Editor’s Note: Proposition 215, also called the Compassionate Use Act, was passed in 1996. Since then, there seems to be a lot of confusion from people on all sides of the issue about exactly what is and isn’t legal concerning medical marijuana.
This is the second in a two-part series on medical marijuana in San Diego County and focuses on medical marijuana dispensaries and features prominent local legal battles addressing the issue.
“This is the front line,” said Eugene Davidovich as smoke from his cigarette trailed into the air at a recent medical marijuana rally.
In March 2010, a San Diego jury acquitted Davidovich on five felony counts relating to possessing and selling medical marijuana through his collective, which offered delivery service. Now the 30-year-old, a Navy veteran and a former “IT guy,” is an activist and spokesman for the San Diego Chapter of Safe Access Now, which promotes legal access to medical cannabis.
“I was vindicated of all the charges,” Davidovich explained, but added the case, which lasted for a year and half, cost him his savings, job and marriage. Davidovich said he was going to focus on lending support to James Stacy for his sentencing in federal court for operating a Vista collective.
Authorities arrested Stacy in September 2009 for violating federal drug laws in connection to his collective on South Santa Fe Avenue. Both men were arrested under the San Diego District Attorney’s Office “Operation Green Rx,” which ran from August 2008 to September 2009.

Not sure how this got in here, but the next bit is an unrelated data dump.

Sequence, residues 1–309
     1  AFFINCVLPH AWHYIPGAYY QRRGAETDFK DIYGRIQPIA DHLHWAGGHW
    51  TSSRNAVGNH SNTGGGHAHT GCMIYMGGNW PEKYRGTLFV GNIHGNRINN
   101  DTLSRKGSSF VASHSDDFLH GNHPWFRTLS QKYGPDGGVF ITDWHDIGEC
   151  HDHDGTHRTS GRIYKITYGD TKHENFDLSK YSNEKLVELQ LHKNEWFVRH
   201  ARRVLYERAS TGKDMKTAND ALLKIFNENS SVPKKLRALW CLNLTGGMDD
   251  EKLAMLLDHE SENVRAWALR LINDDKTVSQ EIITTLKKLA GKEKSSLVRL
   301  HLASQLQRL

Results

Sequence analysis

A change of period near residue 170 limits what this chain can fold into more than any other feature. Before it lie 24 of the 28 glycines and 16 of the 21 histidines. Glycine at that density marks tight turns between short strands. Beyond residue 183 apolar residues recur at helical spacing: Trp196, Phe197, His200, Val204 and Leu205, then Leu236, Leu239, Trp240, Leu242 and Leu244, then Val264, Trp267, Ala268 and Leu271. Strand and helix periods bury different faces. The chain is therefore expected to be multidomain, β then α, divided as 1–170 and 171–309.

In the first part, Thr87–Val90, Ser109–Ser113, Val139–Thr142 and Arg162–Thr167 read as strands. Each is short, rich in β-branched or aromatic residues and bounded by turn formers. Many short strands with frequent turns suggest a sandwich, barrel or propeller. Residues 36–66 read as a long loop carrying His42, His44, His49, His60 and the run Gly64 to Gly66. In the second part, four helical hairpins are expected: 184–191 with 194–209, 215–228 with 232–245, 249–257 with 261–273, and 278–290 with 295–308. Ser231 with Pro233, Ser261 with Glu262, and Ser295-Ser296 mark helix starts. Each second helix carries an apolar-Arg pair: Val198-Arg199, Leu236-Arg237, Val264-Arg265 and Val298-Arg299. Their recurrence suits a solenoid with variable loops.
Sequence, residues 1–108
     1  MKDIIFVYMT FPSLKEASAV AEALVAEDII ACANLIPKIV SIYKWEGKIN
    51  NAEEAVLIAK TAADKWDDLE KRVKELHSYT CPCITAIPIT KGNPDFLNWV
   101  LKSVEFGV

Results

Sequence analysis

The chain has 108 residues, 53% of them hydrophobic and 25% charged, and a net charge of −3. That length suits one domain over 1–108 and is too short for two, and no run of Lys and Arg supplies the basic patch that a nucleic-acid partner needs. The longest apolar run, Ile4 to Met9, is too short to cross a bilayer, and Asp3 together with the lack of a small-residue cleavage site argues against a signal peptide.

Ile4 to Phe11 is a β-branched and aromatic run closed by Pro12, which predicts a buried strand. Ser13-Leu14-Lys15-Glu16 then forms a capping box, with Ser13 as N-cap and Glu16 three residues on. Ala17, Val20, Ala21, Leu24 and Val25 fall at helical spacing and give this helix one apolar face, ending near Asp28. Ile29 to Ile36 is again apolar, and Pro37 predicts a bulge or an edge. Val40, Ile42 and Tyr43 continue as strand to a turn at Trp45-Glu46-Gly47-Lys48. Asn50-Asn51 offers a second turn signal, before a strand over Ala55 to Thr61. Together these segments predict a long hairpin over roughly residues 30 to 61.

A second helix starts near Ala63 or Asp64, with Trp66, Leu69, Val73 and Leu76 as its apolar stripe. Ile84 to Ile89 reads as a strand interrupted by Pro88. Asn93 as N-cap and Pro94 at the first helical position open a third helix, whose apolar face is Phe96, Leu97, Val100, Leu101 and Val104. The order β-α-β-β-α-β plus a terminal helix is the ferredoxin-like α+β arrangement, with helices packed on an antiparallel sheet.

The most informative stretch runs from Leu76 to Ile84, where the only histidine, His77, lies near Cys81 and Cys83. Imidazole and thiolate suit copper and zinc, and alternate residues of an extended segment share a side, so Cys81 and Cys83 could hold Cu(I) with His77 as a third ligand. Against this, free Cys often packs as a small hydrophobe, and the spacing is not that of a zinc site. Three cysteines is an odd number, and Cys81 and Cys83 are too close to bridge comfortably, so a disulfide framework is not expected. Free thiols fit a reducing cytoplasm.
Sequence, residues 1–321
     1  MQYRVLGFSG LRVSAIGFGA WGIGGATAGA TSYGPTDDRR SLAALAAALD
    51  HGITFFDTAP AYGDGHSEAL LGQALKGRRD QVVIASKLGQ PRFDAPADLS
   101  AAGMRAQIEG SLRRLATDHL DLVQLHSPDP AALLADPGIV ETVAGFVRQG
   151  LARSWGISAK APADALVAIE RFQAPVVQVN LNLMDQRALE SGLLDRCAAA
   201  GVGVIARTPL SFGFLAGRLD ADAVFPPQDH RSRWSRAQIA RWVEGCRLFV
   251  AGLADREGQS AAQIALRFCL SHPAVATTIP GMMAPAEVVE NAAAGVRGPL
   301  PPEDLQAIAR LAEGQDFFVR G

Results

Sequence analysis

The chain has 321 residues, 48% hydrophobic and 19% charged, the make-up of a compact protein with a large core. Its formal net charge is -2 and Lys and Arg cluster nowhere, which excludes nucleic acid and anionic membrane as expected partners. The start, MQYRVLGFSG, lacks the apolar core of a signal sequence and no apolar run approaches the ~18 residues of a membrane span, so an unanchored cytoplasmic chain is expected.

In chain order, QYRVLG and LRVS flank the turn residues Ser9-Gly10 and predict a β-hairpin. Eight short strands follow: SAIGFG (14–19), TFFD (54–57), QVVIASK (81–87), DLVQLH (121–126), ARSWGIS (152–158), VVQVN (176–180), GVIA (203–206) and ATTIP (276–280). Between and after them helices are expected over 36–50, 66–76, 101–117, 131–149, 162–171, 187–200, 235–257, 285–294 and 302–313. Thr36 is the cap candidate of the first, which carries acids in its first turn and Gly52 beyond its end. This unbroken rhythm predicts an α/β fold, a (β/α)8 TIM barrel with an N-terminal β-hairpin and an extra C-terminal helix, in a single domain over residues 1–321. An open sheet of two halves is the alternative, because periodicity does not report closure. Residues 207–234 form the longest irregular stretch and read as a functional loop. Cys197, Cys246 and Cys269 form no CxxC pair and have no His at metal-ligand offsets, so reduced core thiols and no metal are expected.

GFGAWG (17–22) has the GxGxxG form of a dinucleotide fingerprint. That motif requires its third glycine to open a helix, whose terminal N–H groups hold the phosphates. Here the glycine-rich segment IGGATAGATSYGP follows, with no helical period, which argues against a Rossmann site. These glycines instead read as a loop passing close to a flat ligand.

Several days before Stacy’s Nov. 1 trial date, federal prosecutors offered the Vista man a plea deal that would keep him out of jail; he accepted. Pleading guilty to a single count of manufacturing marijuana, Stacy received two years probation at his sentencing Jan. 7.
Due to the lack of other drugs, large amounts of money or an abundance of cannabis plants, Davidovich and other medical marijuana advocates viewed the federal government’s indictment of Stacy as a “test case.”
“I think that they realized there’s no way they had a case,” Davidovich said. He added that Stacy had gone out of his way to comply with the state’s law regarding medical marijuana collectives; though, for the San Diego District Attorney’s Office and federal prosecutors, that didn’t seem to matter.
Understanding Prop. 215
Fifteen years and many raids after its enactment, San Diego County remains in a mixed-up state over the California’s Compassionate Act Use, also known as Proposition 215. Even with the passage of SB 420 in 2003, an ongoing disconnect between District Attorney Bonnie Dumanis and medical cannabis advocates’ interpretation of the California’s attorney general guidelines continues to make San Diego a land of confusion for medical marijuana patients, collective owners and law enforcement agents.
In 2008, Attorney General Edmund Brown Jr. issued a set of guidelines relating to medical marijuana in California, which included information regarding collectives and cooperatives; however, while a step in the right direction, the regulations surrounding collectives are still not clear-cut. For example, the report stated, “Although medical marijuana ‘dispensaries’ have been operating in California for years, dispensaries, as such, are not recognized under law … dispensaries that merely require patients to complete a form summarily designating the business owner as their primary caregiver — and then offering marijuana in exchange for cash ‘donations’ — are likely unlawful.”